Roland’s Sunday Smart Trends #226
August 3rd, 2008

New search engine Cuil takes aim at Google

There’s a big new search engine launching Monday: Cuil. Developed and run by the husband-and-wife team of Stanford professor Tom Costello and former Google search architect Anna Patterson, it’s pitched as bigger, faster, and better than Google’s flagship search engine in pretty much every way.
[Note: my personal tests were disappointing: let’s wait for some weeks before concluding if this search engine is a good one.]
Source: Rafe Needleman, CNET’s Webware, July 27, 2008

Putting a virtual doctor in the ambulance

Diagnosing and treating a critically ill or injured patient as early as possible can mean the difference between life and death. A new communications system between a moving ambulance and its hospital base allows the simultaneous transmission of bandwidth-hungry video and ultra-sonic images, telephone communications and patient data, all at the same time.
Source: ICT Results, July 29, 2008

George Orwell diaries to be published as blog

The diaries of the novelist George Orwell are to published online as a daily blog. The first entry will be posted on August 9, exactly 70 years to the day since the author of Animal Farm and Nineteen Eighty-Four wrote it.
[Note: Check The Orwell Prize next week to discover these diaries.]
Source: Nicole Martin, The Telegraph, UK, July 30, 2008

Radar Networks readies new release of Twine

In March, Radar Networks launched Twine, an application that organizes information and connects people, places, companies, products, Web pages, videos, and photos. Along with Metaweb’s Freebase, Powerset (sold to Microsoft), Hakia, Reuters’ Calias, AdaptiveBlue and a few other start-ups, Radar Networks is trying to crack the code on building a piece of the semantic Web. […] A major new release of the Twine platform is slated for release in the fall to address shortcomings and introduce new features.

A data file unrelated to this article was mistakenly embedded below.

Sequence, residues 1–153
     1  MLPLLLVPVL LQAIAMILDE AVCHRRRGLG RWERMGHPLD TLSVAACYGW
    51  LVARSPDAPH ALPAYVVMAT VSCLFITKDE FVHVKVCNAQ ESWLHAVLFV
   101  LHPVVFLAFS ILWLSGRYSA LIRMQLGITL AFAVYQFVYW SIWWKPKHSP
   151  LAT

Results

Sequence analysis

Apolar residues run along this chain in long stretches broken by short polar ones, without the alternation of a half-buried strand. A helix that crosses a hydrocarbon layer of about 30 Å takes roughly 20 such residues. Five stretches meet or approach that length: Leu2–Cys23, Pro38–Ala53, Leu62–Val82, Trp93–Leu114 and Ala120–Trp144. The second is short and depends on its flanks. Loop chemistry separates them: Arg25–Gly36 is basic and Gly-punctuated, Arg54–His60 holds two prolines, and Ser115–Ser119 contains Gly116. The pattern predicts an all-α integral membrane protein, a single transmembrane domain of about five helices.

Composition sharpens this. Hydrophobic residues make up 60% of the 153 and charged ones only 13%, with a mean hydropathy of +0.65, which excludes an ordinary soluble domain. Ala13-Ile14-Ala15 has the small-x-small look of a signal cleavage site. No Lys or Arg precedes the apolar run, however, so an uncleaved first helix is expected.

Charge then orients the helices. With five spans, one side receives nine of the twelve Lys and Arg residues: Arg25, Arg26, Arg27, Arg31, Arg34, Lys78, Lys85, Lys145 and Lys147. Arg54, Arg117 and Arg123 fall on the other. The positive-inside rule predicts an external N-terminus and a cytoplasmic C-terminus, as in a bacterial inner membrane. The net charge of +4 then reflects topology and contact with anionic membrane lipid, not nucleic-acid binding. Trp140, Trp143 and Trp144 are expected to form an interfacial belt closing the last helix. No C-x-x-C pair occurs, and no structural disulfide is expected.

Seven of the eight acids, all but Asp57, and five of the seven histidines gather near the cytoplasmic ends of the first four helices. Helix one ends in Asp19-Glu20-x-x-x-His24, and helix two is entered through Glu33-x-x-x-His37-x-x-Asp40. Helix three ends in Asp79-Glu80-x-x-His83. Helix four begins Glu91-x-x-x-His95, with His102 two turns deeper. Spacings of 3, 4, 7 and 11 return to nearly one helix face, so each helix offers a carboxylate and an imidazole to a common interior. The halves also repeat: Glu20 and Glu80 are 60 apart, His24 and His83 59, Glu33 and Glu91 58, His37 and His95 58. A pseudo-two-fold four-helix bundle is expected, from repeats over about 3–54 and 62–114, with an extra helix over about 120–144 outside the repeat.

Source: Dan Farber, CNET’s Outside the Lines, July 31, 2008

Say goodbye to virtual bureaucracy

Getting tired of filling in endless forms on the internet when you just want to make a simple purchase or find some information? Had enough of receiving a barrage of emails from companies after shopping with them online? The EUREKA project FIDELITY may have the answer.
Source: The EUREKA project, July 29, 2008

CSIRO develops technology that goes where GPS can’t

The CSIRO has developed a new wireless localisation system with the ability to track, sense and communicate in areas where GPS and other wireless technologies cannot work. […] The [new] technology would allow first response emergency workers to be tracked in dangerous environments such as in building collapses or underground mines where other tracking technologies will not work.
Source: Andrew Hendry, Computerworld Australia, July 31, 2008

If You Run a Red Light, Will Everyone Know?

Want to vet a baby sitter? Need to peek into the background of a prospective employee? Curious about the past of a potential date? Last month, PeopleFinders, a 20-year-old company based in Sacramento, introduced CriminalSearches.com, a free service to satisfy those common impulses. The site, which is supported by ads, lets people search by name through criminal archives of all 50 states and 3,500 counties in the United States. In the process, it just might upset a sensitive social balance once preserved by the difficulty of obtaining public documents like criminal records.
Source: Brad Stone, The New York Times, August 3, 2008


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